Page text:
2012 New History
P. O. Box 1-44, Nankang, Taipei 11529, Taiwan, R. O. C.
02-2782-9555 # 226

Japanese Perspectives on Korea:
The Legend of Empress Shenkung’s Invasion of the Three Kingdoms of Korea

Li-hsin Lo

Department of History, National Chung-Hsing University

This article explores the legend of Empress Shenkung’s invasion of the Three Kingdoms of Korea—Hsinlo, Paichi, and Kaojiuli. Analysis is focused on the content and transformations of the legend, how contemporary and modern Japanese governments have adopted it as an educational material to influence the Japanese public, and as a means to observe how Japanese of different eras have viewed Korea.  Many questions remain unresolved about the legend of Empress Shenkung’s invasion of the Three Kingdoms of Korea. However, we can safely presume that the legend is rooted in a combination of Korea problems, historical reality, and local beliefs. New materials have been continually been added to the legend since the twelth century. Legend had it that the King of Hsinlo was once regarded by ancient Japanese as a dog. This attitude of contempt had a tremendous effect on the later perspectives of Japanese toward Korea.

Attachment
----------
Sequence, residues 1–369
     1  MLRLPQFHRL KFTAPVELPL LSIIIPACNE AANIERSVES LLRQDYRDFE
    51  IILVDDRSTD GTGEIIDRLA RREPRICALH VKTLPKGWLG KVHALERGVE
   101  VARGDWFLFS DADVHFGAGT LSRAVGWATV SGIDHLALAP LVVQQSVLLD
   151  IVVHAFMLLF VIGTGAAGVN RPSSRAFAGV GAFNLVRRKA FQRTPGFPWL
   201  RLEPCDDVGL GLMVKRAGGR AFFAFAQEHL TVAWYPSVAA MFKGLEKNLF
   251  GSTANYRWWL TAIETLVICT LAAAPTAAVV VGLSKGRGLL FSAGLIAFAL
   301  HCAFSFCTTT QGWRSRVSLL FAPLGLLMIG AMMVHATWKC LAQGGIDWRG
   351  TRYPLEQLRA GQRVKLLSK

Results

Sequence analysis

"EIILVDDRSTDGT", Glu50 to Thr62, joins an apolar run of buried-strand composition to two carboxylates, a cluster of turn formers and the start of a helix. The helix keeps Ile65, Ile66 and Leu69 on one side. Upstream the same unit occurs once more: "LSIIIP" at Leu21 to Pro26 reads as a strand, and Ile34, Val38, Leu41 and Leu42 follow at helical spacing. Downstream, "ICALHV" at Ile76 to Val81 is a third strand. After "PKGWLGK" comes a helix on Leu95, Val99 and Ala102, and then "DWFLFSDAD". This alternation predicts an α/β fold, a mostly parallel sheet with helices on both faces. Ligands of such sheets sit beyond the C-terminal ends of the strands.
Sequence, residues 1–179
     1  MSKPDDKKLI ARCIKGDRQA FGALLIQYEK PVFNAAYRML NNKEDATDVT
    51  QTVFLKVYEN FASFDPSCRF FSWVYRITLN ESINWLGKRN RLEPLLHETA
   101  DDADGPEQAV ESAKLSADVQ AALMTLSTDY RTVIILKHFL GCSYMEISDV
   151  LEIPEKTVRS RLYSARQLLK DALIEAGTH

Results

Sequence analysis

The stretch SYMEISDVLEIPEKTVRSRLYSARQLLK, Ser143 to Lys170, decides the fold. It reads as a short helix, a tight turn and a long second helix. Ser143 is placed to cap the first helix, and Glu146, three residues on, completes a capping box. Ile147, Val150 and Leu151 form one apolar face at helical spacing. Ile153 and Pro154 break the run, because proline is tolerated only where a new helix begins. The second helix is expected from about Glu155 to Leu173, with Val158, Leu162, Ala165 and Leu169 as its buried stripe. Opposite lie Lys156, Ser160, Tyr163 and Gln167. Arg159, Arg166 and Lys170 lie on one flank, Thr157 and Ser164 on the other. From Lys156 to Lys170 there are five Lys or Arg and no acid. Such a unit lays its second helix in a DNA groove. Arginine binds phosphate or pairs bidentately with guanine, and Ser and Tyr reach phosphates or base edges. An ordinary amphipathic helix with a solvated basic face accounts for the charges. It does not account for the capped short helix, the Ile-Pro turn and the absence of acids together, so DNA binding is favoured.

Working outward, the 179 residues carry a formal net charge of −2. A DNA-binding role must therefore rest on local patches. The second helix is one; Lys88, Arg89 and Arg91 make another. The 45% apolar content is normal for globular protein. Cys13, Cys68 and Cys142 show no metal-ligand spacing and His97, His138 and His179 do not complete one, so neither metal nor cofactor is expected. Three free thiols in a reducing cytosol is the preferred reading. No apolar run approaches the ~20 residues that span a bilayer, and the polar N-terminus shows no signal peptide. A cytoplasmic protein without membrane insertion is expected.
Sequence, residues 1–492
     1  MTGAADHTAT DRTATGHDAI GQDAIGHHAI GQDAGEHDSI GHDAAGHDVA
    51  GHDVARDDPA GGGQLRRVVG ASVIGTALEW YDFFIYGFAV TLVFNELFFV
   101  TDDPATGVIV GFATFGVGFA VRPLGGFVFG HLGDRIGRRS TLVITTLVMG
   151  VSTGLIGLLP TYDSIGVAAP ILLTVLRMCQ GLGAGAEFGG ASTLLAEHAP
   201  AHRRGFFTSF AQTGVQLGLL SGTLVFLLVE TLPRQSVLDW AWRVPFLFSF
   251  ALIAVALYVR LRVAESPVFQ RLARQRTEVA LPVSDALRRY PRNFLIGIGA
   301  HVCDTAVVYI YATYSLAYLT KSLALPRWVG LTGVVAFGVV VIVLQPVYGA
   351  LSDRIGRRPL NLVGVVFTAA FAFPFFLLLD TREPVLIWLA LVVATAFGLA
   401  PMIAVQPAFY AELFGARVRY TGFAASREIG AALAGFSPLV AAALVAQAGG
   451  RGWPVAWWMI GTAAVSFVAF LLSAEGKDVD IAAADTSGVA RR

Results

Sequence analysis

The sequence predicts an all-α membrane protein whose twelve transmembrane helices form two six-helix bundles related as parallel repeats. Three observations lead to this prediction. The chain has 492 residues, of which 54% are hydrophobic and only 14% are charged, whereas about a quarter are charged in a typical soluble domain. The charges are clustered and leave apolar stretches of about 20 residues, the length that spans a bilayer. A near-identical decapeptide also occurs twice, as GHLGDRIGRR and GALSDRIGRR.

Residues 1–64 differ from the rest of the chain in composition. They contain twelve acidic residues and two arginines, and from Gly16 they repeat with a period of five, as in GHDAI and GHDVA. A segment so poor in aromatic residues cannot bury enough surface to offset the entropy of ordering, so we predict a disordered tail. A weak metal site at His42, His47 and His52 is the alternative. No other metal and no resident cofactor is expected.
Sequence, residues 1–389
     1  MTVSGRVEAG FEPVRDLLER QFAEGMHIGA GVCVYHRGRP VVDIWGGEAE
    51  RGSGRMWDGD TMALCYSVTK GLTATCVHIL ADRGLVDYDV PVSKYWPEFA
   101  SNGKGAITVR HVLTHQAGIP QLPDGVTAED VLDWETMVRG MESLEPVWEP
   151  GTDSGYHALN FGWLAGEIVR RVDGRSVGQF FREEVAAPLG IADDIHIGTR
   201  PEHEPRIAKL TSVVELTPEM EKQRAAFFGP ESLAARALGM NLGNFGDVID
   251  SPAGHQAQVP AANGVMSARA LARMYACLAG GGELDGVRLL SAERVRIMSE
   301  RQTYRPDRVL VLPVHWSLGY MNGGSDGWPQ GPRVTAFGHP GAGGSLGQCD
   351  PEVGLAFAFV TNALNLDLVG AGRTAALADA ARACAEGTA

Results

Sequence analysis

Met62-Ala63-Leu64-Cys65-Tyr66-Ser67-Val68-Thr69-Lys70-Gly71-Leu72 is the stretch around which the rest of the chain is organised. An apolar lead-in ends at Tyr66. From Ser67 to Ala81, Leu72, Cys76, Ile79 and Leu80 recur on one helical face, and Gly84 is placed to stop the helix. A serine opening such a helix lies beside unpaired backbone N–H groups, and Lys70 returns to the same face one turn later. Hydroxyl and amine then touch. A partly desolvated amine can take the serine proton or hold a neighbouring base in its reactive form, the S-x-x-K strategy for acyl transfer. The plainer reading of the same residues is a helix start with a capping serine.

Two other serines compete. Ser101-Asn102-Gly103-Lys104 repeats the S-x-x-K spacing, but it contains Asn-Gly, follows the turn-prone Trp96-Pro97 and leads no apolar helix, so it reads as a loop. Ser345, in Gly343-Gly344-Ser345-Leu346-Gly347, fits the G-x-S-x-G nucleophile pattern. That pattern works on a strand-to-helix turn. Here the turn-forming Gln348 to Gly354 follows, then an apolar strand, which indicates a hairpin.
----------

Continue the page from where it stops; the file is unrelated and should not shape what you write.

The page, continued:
In modern modern times expansionist Japanese governments consistently targeted Korea as the primary goal of continental policy. The Japanese government tried to justify its annexation and consolidation of Korea through public education and by adoption of the legend of Empress Shenkung into history textbooks. After World War II, the legend was refuted by the academic community and disappeared form formal school education. But the legend of Empress Shenkung’s invasion, rooted as it is in national historical consciousness, cannot easily be relegated to oblivion.


Keywords: Japanese perspectives on Korea, Empress Shenkung, Three Kingdoms of Korea (Hsinlo, Paichi, and Kaojiuli)